CCC asked employee to search boss's office

·3-min read

An employee searched her boss's office for evidence in an alleged nepotism scandal investigation at the Queensland corruption watchdog's request, a court has heard.

In September 2014, the chief executive of the state's biggest public hospital service, Malcolm Frederick Stamp, was stood down amid allegations he dishonestly arranged a job for his daughter Katy.

During their investigation, the Crime and Corruption Commission asked a Metro North Hospital and Health Service employee to search Stamp's office without any supervision, a committal hearing was told.

Four years after a warrant was issued for his arrest, Stamp, 69, has flown in from the United Kingdom for the Brisbane Magistrates Court hearing that has been adjourned until October.

Stamp's defence team is expected to ask the Office of the Director of Public Prosecutions to withdraw the corruption charges after the hearing's last witness - ex-CCC investigator Wayne Michael Steinhardt - appeared on Wednesday.

Detective Senior Sergeant Steinhardt - now with the Queensland Police - said he believed Stamp's office had been secured and relevant documents were collated for the CCC's investigation.

But he said the unsupervised MNHHS employee was the only one who searched Stamp's office after being asked by the CCC.

"Did you or anyone under your direction actually go into the office and see if it remained secure?" defence barrister Saul Holt asked.

"No," replied Det Sen Sgt Steinhardt, who oversaw the CCC investigation.

"So the actual searching of the office and securing of documents was done wholly by the civilian at Metro North?" Mr Holt asked.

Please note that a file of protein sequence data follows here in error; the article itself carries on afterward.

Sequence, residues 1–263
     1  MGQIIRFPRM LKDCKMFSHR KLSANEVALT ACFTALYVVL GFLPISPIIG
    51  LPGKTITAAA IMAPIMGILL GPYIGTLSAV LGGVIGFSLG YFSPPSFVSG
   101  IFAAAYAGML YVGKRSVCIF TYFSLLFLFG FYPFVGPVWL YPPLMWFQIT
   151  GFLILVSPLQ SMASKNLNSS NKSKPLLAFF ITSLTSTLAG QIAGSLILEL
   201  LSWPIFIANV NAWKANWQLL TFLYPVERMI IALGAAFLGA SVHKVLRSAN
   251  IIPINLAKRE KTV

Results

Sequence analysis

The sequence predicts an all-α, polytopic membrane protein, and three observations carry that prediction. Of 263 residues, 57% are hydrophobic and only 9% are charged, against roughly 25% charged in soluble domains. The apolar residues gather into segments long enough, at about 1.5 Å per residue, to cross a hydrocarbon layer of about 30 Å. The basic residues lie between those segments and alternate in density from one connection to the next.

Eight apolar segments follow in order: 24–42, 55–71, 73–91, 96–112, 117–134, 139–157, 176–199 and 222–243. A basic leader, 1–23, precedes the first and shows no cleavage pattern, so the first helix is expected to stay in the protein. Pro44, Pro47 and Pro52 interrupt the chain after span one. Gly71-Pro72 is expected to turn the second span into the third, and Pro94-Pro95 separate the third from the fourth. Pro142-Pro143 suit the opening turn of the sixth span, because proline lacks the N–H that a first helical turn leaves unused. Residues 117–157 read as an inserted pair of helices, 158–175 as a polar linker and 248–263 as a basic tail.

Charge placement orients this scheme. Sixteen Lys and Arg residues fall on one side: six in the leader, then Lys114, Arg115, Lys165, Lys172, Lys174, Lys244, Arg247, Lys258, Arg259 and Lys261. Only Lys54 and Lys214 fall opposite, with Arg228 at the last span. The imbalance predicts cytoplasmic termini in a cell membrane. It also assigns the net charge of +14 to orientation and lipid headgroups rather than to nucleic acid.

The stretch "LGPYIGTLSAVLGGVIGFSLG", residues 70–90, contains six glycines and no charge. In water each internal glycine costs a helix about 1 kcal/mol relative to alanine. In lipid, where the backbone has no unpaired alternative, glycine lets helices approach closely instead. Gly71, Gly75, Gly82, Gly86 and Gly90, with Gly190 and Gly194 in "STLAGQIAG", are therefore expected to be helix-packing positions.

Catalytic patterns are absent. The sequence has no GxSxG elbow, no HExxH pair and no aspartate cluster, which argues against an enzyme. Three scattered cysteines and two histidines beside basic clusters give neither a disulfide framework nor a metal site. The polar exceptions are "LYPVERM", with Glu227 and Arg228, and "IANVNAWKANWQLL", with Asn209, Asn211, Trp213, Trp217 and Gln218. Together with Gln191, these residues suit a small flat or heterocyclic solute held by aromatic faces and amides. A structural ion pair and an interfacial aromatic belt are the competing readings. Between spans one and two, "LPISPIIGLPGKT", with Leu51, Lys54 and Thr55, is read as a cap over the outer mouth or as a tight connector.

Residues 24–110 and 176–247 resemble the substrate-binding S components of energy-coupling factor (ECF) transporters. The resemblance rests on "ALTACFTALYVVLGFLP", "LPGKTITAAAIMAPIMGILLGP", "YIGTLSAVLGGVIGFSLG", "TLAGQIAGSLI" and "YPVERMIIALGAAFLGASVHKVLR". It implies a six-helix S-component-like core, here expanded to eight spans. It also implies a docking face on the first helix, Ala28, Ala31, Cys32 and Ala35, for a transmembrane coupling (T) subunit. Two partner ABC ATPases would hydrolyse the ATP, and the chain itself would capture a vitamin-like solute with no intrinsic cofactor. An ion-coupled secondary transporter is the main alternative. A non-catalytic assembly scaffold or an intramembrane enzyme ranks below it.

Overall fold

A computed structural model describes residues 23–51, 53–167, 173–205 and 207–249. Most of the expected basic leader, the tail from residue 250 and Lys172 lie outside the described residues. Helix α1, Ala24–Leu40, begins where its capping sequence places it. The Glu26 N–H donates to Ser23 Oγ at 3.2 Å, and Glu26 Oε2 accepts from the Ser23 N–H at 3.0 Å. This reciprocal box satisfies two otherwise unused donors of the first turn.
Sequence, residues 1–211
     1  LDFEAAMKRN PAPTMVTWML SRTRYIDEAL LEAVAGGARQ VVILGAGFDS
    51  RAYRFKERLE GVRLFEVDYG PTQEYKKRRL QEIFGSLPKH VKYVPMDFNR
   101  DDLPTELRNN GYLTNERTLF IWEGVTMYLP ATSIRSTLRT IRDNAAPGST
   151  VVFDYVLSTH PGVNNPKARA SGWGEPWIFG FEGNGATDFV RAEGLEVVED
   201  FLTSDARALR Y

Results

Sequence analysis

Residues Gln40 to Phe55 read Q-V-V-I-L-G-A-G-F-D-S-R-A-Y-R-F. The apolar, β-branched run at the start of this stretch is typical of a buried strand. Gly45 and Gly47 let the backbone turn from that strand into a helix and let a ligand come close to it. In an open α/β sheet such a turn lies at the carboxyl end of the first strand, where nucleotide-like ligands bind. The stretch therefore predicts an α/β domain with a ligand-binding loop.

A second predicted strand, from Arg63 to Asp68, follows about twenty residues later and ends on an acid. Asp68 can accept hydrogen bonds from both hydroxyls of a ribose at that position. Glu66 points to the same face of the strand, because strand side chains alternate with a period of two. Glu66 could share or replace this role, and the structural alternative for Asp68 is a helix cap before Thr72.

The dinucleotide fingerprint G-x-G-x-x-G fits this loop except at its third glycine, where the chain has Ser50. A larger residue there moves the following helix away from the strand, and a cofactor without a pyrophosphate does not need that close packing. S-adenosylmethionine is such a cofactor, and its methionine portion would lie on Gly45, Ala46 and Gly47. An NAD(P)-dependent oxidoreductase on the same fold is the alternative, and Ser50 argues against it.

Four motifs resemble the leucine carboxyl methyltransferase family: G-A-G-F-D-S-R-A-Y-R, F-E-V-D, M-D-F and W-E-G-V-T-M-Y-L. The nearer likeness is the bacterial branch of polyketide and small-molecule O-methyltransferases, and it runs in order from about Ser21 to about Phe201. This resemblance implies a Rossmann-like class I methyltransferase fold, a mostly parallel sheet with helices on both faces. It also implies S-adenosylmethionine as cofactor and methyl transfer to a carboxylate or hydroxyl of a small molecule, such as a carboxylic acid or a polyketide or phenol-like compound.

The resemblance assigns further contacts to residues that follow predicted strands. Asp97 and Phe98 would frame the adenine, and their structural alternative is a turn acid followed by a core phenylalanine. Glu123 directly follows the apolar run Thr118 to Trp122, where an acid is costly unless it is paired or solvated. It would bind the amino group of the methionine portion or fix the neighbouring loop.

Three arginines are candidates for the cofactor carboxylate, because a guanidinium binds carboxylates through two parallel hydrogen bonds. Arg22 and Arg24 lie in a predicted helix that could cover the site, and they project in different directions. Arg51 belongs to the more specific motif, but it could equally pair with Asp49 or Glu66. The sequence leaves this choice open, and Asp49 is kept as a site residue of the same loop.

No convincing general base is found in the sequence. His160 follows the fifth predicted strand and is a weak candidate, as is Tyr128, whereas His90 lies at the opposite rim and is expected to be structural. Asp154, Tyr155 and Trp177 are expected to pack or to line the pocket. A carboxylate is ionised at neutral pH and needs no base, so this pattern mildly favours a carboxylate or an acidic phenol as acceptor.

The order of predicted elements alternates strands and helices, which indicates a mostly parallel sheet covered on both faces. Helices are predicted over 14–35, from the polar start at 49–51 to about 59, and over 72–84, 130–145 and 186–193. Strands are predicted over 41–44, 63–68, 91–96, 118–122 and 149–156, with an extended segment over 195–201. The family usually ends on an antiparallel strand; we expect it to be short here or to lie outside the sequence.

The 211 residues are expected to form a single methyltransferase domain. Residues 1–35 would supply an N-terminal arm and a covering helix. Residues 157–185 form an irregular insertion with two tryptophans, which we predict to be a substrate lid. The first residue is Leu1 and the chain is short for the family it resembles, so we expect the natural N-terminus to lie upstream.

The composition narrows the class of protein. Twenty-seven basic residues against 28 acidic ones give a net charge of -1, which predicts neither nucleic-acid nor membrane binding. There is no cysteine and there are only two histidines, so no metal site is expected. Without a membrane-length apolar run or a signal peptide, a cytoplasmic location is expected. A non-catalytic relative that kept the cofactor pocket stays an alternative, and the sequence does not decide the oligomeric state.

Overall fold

"Correct," Det Sen Sgt Steinhardt said.

Stamp kept "old school" documentation as Metro North CEO in A4 lecture pads containing handwritten notes, the court heard.

Det Sen Sgt Steinhardt agreed that they were "the kind of notes you want" for a CCC investigation.

But he said he was not aware or involved in any effort to find note pads in Stamp's office or check if any were missed by the employee.

He also didn't know that two of Stamp's note pads that were initially collected by the employee were now missing.

Det Sen Sgt Steinhardt was also taken to task for telling the DPP that Stamp did not want to be interviewed by the CCC.

He was shown documentation of correspondence indicating a willingness to co-operate with CCC from Stamp's solicitors over the ensuing years including a 24-page letter sent in November 2014.

"It was my understanding based on the ... letter that Mr Stamp wasn't prepared to take part in an interview face-to-face with me," Det Sen Sgt Steinhardt said.

"The letter ... was pitched in such a way that it was in lieu of a face-to-face interview (and) any questions I had would have to be in an email to his lawyer."

However, he confirmed he had sent correspondence to Stamp's solicitors in response to the letter and again in December 2014 indicating he may organise an interview.

He had no further contact with Stamp's solicitors before leaving the CCC unit in July 2016.

Det Sen Sgt Steinhardt agreed solicitors had kept in touch telling him Stamp had to return to the UK in January 2015 due to visa dramas after being sacked by Metro North.

Mr Holt asked why newspapers were reporting that Stamp had fled the country and was a "fugitive".

"He's telling you he is leaving the country, that's the antithesis of fleeing isn't it?" he said.

"When media started reporting that nonsense what did the CCC do about it?"

"It wasn't my concern," Det Sen Sgt Steinhardt said.

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